Lurtsema's Reaction: Building A Winner

The Vikings are learning how to win, but they've shown all season that the right attitude is there for Mike Tice to build a winner for the future.

The Minnesota Vikings are still learning how to win, especially in adverse conditions on the road. The process of learning how to win takes time, and fortunately for them they had just enough time — 59 minutes, 55 seconds — to get it done Sunday in New Orleans. They put on an exciting display, but when it came time to put up and end their 17-game losing streak on the road they may have been the only ones who believed they could do it.

It had been so long since they had done it — more than two years — that many of the players were relying on the distant past to carry them. Linebacker Greg Biekert was in the playoffs last year with the Oakland Raiders, but he knows this team still needs to manage the game properly when they are put in a situation to win. The games are played on Sunday, but they are won and lost during the week of practice.

During the crucial final 12 minutes of a game is when players must believe that what they learned throughout the week will carry them to a win. While most of the fans got the here-we-go-again feeling when New Orleans took a 31-24 lead with 5:21 left in the game, the Vikings relied on a week of learning about the Saints to expect the win. I don't believe there was a Vikings fan who thought they could win this game at this point since they had lost every imaginable way this year. I've said it before, if a team can think of a way to win during an NFL contest, then it can be executed on the field, but they must believe it. If they can only think about another way to lose, then they most often do lose since they've already accepted that fate in their mind.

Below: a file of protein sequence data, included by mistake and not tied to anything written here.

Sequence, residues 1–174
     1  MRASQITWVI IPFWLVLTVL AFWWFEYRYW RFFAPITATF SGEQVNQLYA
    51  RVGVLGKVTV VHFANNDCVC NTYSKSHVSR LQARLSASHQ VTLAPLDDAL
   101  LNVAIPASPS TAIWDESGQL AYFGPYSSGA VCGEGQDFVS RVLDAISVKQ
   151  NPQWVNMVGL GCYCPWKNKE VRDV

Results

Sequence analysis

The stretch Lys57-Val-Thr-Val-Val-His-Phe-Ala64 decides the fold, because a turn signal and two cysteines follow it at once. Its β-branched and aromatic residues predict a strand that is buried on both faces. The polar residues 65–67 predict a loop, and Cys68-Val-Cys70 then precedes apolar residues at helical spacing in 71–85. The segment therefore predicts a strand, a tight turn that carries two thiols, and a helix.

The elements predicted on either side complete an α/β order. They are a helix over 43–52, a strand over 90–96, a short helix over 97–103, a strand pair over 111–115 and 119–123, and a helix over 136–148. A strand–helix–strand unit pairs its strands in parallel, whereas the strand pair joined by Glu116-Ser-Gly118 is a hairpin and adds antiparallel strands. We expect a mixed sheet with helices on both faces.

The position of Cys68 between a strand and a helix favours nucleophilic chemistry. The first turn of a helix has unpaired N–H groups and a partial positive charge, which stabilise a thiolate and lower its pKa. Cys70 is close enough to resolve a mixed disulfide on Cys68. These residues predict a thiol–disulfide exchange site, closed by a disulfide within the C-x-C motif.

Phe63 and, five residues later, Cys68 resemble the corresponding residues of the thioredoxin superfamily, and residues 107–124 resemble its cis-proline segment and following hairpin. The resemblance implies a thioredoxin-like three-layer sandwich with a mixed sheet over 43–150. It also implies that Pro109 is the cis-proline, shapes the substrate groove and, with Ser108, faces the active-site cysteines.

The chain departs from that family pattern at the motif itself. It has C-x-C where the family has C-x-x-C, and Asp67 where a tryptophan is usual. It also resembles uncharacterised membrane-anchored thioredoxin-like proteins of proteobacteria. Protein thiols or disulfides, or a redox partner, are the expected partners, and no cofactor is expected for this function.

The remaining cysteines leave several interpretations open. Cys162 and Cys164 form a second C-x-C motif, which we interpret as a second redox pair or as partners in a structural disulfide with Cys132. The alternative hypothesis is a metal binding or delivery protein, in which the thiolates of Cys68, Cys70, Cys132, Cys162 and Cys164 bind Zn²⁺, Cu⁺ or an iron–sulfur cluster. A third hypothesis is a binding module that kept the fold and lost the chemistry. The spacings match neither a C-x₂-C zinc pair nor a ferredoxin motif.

What the Vikings learned in practice was that misdirection plays, including reverses, could keep the Saints' athletic defensive line off-balance and limit its aggression. The aggressive defensive line still got in Daunte Culpepper's face, but he played a smart game, like he has for the past month. He averaged 10.4 yards on seven rushes, and he is learning to go through his progressions in this offense. That takes time for a quarterback to do.

But mostly this win — and the end of the road losing streak — came down to the Vikings' desire to never quit. Last year the Vikings did quit on Dennis Green at times. That hasn't happened all year because this team is taking on Mike Tice's personality. It would have been easy to do again, as the Vikings were losing to a playoff team at home, and the Vikings were coming off a game in which the officials denied them a sweep of rival Green Bay. The Vikings could have even started looking ahead to a home game against Cris Carter and Miami. Instead, they stayed with what they practiced during the week and made it work for them.

Chris Walsh is calling this win and his team's habits a solid start to building a complete team. He said it's like building a pyramid, as without a solid foundation there is no solid structure. Tice looks to have the start of his three-year plan to a world championship in place. He has players out there who are unwilling to quit, and now he has players that can find a way to win on the road and believe in themselves — even when almost no one else does.

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